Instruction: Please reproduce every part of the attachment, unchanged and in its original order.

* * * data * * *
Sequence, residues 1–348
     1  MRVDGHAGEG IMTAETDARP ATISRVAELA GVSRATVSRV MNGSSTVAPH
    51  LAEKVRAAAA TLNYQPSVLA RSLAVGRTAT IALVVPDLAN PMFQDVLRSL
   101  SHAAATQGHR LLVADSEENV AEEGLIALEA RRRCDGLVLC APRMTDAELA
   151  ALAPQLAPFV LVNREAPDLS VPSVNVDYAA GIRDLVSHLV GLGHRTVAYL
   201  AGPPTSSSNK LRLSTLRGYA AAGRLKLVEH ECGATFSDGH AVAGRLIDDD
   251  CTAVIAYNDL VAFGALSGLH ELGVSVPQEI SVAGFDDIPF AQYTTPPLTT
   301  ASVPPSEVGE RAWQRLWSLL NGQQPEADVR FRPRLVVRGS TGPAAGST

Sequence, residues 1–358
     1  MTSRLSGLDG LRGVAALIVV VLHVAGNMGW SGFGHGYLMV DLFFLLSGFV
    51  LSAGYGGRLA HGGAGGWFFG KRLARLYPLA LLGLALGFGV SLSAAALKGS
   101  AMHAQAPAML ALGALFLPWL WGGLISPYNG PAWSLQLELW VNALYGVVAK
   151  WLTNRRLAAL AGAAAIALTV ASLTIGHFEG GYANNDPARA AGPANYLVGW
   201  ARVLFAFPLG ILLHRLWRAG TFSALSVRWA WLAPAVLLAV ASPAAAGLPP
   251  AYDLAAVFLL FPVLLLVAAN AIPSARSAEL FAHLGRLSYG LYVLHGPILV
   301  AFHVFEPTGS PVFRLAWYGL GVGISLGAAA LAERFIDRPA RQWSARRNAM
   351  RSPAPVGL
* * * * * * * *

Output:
Sequence, residues 1–348
     1  MRVDGHAGEG IMTAETDARP ATISRVAELA GVSRATVSRV MNGSSTVAPH
    51  LAEKVRAAAA TLNYQPSVLA RSLAVGRTAT IALVVPDLAN PMFQDVLRSL
   101  SHAAATQGHR LLVADSEENV AEEGLIALEA RRRCDGLVLC APRMTDAELA
   151  ALAPQLAPFV LVNREAPDLS VPSVNVDYAA GIRDLVSHLV GLGHRTVAYL
   201  AGPPTSSSNK LRLSTLRGYA AAGRLKLVEH ECGATFSDGH AVAGRLIDDD
   251  CTAVIAYNDL VAFGALSGLH ELGVSVPQEI SVAGFDDIPF AQYTTPPLTT
   301  ASVPPSEVGE RAWQRLWSLL NGQQPEADVR FRPRLVVRGS TGPAAGST

Sequence, residues 1–358
     1  MTSRLSGLDG LRGVAALIVV VLHVAGNMGW SGFGHGYLMV DLFFLLSGFV
    51  LSAGYGGRLA HGGAGGWFFG KRLARLYPLA LLGLALGFGV SLSAAALKGS
   101  AMHAQAPAML ALGALFLPWL WGGLISPYNG PAWSLQLELW VNALYGVVAK
   151  WLTNRRLAAL AGAAAIALTV ASLTIGHFEG GYANNDPARA AGPANYLVGW
   201  ARVLFAFPLG ILLHRLWRAG TFSALSVRWA WLAPAVLLAV ASPAAAGLPP
   251  AYDLAAVFLL FPVLLLVAAN AIPSARSAEL FAHLGRLSYG LYVLHGPILV
   301  AFHVFEPTGS PVFRLAWYGL GVGISLGAAA LAERFIDRPA RQWSARRNAM
   351  RSPAPVGL